Monday, November 25, 2013

New Trainwrecks

Did you know that new Trainwreck amps are being produced?
Trainwrecks sound great. But so do a lot of other boutique amps. Heck, there are some non-boutique amps that sound great too.

I love my Celtic Edana. Together with my Lil Dawg Mutt going through Celestion Alnico Blue 12" speakers they sound as good as the best amp I've ever played, the Blankenship Fatboy Supreme with Sour Cream.

Saturday, November 23, 2013

It Means "Horse" in Italian

My buddy Mike Kessell (who designed and built much of Millennium Crisis) plays drums for Cavallo.
They rock.
No, I mean they freakin' rock.
The above link is to their Bandcamp page. And the recordings sound great (I even own their vinyl!) But live?
Live they rock.
I mean they freakin' ROK.
This is the kind of band that's so dynamic that really it's all about hearing them live.
And they're an instrumental band. There need to be more instrumental bands.

Wednesday, November 20, 2013

Losing My Religion

For the last 20 years or so I've been inclined toward high-end (preferably Neve) microphone preamps. This is in part because I felt I was suddenly able to make things which sounded like real songs once I started using real preamps.
It seemed and seems that mixing is much easier when everything's been tracked through some API's or Neves. That may be in part due to what Alan Douches calls the "accumulation of subtleties" which is what goes into making a good mix.
But then again, it may not.
With some exceptions it can be very difficult to hear the difference between a high-end preamp and some cheapo $10 preamp built into an interface or cheap audio console. I mean while just listening to it alone. And without having the ability to A/B the cheapo preamp against the Neve 1272 you have sitting there in your rack you won't be able to listen to a track and just straight-up say "Oh, that's the preamp built into this Souncraft mixer on this snare drum track".
But presumably we can hear the "buildup" of tracks all recorded through (say) a Trident A-range versus the same tracks recorded with a Mackie mixer which has been sitting underneath your dirty laundry since you quit that job mixing that web-series in 2005.
I say "presumably" because you absolutely cannot get the same performance out of a whole bunch of instruments to do a true A/B test.***
Is it too late for me to become a Hammond organ player?

So let's pretend that there's an accumulation of subtleties in recording, that is: the mix is better because of all the very slight increases in quality brought about by high-end microphone preamps.****
Those increases in quality are nothing, nothing at all, compared to having better instruments to record and, you know, actually practicing more.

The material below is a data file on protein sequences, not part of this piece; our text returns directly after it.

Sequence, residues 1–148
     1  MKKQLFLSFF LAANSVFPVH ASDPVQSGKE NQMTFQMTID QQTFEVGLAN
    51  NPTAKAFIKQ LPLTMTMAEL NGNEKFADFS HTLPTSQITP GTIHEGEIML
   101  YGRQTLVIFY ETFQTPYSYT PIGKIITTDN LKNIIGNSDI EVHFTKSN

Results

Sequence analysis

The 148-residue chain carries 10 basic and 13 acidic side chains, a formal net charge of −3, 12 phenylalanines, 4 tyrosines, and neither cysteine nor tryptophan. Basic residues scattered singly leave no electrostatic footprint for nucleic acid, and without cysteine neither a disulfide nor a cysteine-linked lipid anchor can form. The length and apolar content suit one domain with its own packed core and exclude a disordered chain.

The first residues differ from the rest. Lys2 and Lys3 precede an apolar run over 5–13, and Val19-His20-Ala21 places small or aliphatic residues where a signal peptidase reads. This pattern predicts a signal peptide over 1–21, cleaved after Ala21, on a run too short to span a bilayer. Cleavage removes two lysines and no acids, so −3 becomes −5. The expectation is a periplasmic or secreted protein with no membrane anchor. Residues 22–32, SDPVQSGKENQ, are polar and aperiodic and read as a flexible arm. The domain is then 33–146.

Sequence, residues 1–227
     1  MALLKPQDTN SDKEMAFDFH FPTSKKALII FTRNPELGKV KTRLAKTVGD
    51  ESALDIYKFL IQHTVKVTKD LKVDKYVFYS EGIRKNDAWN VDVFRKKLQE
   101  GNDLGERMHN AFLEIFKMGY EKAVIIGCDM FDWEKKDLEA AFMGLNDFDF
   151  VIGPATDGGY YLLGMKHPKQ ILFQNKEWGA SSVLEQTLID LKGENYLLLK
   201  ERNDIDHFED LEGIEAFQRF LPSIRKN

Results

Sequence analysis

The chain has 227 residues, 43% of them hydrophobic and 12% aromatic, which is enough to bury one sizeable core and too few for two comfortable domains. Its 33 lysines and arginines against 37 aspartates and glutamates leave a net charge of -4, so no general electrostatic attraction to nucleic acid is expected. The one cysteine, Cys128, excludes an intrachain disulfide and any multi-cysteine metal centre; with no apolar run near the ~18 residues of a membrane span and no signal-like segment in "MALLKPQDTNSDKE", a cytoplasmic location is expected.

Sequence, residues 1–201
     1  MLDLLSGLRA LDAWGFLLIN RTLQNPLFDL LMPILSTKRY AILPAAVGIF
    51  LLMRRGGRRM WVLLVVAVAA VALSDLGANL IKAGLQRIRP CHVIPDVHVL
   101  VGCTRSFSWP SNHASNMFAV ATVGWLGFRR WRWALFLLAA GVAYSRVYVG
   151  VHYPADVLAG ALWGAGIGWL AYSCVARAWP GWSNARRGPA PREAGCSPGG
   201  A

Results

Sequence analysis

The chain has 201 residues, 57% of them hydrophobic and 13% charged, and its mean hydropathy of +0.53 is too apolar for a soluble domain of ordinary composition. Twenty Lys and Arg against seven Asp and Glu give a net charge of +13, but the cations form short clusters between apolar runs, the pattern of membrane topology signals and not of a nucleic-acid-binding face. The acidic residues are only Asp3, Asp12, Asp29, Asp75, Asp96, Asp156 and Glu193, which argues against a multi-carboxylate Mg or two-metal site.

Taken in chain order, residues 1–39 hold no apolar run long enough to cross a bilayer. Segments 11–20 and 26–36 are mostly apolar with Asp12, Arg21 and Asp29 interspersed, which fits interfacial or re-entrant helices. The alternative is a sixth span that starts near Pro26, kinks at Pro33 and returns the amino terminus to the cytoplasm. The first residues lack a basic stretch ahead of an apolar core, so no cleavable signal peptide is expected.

Yeah. Practicing more. Now there's a subtlety that'll definitely accumulate.*****

So basically, the guiding religious principal of recording that I've been operating has developed a schism. Although I can't help but feel that preamps somehow magically make the music sound better, I can't prove it. And the fact is we're using four channels of Neve 1272 preamperage and another two of Lindells (which are vastly less expensive but still theoretically better than the built-in Tascam preamps in the A/D converter).
So, you know, we should be ahead of the game as far as the sound is concerned.
The drums are typically being replaced in Drumagog so it's basically irrelevant what the preamps are (or what the microphones are).******
That leaves us with just a bass or a guitar not recorded with a high or higher-end preamp.
Having recorded the bass in Diatomaceous Earth a number of ways I have to admit I don't really get bent out of shape when we use the Tascam's built-in preamps for it.
I've non-blind A/B'ed between the Tascam and the Neves for bass guitar and although I should be prejudiced toward the Neves I'm just not feelin' it. I can feel the difference between basses and have my preference there, but not with the preamps.

Which, in a way, is almost too bad because there's a world of loveliness out there in the world of preamps nowadays. Seventh Circle Audio makes some cool kits (non 500-series based.) There's a whole DIY culture too

But I've lost it. I don't have the faith that those things would make nearly the difference that would... well... make a difference.

I'll stay with the preamps I have. I mean, I'm not going to curse the gods when my sacrifices have already been made. But there's no need to sacrifice more. That I know of.


***That's almost true. But if you were recording entirely electronic instruments which you pushed through the high-impedance inputs of preamps you could do an A/B test. Hasn't anybody done this?